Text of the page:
I've recently bought my 2nd Pi. This led me to try to make a copy of my Pi-1's SD card. I've been backing up that SD card by moving it to an SD reader plugged into my iMac (by USB). There, I used the Terminal "dd" command to make a literal 16gb copy of the card. When I screwed up the card (stupidly changed a GPIO connection while the Pi was powered up and running) I successfully fixed the SD from the iMac back up. But, in this case, I was copying from and to the same SD card.
When I tried to do the same thing to a different 16bg card it didn't work. The 2 cards did not have exactly the same number of data blocks -- off by 1(?).
After trying that a couple useless times, I went looking for something different. And this is it:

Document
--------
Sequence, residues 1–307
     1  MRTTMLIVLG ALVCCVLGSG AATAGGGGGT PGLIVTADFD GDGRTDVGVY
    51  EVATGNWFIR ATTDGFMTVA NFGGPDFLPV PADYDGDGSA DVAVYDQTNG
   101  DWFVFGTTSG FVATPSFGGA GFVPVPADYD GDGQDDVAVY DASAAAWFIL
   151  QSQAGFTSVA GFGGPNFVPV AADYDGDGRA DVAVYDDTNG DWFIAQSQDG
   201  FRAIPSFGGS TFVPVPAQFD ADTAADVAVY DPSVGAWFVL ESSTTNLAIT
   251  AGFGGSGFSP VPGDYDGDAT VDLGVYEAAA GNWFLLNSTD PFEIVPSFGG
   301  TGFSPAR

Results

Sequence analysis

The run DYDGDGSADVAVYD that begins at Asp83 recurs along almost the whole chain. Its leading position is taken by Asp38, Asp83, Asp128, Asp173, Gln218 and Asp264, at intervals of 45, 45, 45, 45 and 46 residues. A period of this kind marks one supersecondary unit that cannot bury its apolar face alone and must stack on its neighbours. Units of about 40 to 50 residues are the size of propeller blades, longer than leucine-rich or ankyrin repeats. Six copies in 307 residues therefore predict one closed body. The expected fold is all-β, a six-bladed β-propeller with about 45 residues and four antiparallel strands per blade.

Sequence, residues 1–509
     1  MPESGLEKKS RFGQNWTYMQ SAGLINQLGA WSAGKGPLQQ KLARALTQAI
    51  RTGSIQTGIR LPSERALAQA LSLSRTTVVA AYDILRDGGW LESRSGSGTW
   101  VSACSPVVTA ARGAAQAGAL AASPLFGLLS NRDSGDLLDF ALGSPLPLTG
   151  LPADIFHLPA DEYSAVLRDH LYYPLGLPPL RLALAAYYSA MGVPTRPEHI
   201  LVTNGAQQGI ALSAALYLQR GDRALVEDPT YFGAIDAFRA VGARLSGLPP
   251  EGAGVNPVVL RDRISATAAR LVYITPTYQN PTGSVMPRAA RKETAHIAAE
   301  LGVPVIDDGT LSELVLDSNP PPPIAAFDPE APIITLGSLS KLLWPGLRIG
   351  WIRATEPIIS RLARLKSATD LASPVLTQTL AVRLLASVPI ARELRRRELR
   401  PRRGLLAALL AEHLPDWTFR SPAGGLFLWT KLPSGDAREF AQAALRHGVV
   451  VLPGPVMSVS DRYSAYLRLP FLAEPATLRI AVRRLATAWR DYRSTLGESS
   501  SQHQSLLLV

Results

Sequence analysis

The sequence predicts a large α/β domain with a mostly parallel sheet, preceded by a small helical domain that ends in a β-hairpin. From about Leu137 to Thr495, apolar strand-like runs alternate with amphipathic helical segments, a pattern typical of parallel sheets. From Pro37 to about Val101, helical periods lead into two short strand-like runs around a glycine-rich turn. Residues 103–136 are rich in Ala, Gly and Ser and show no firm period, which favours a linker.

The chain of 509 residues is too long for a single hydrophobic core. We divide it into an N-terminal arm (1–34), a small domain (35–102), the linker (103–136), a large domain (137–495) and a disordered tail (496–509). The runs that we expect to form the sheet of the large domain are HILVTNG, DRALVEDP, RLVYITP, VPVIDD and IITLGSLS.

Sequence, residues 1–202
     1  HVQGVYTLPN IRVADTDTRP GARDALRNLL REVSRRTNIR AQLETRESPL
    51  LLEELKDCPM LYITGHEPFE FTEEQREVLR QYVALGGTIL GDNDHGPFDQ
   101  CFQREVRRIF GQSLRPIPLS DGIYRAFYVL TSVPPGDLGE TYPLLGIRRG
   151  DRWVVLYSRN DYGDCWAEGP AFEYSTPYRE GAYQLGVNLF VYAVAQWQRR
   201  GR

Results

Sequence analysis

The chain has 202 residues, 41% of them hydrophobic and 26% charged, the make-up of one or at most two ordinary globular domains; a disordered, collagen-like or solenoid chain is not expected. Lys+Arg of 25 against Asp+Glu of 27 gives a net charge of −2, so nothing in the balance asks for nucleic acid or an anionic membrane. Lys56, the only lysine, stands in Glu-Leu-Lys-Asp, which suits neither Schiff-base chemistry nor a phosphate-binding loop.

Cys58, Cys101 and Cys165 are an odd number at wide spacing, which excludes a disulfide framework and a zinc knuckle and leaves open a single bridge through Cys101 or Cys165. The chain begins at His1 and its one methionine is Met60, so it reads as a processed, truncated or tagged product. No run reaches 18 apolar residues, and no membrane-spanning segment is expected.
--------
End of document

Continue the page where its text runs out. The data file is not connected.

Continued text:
This is a different approach. rpi-clone is a long-ish shell command that runs on the Pi and copies your working SD content to the second card (I moved my USB reader to the Pi).
1. It worked!
2. I didn't have to shutdown the Pi or move its SD card.
3. It was faster than the literal 16gb copy.
4. It can do partial updates to an existing card copy.
Actual rpi-clone command (assuming you named it rpi-clone.sh);
% sudo sh rpi-clone [ -f ] sda
(Assuming that a list (ls command) of /dev/sd* listed "sda")
The only problem I had was that I ran it via the Mac Terminal "ssh" interface. The first time I tried rpi-clone I left it (took 25 minutes) and before I returned ssh had timed out my connection to the Pi -- and that aborted the last question from rpi-clone. The 2nd try, I stuck around.
One further advantage of rpi-clone: The last thing that the command does is unmount the SD copy. But if the copy is for a new Pi system you'll want to make a few changes first. For example: you can change /etc/hostname and /etc/network/interfaces. In another Terminal window you can --
cd /mnt/clone/etc # that's where the new card is mounted
nano hostname # change the name?
Note all of the above has to be run with sudo. Be careful!
Oh, and congrats to Bill Wilson for writing rpi-clone.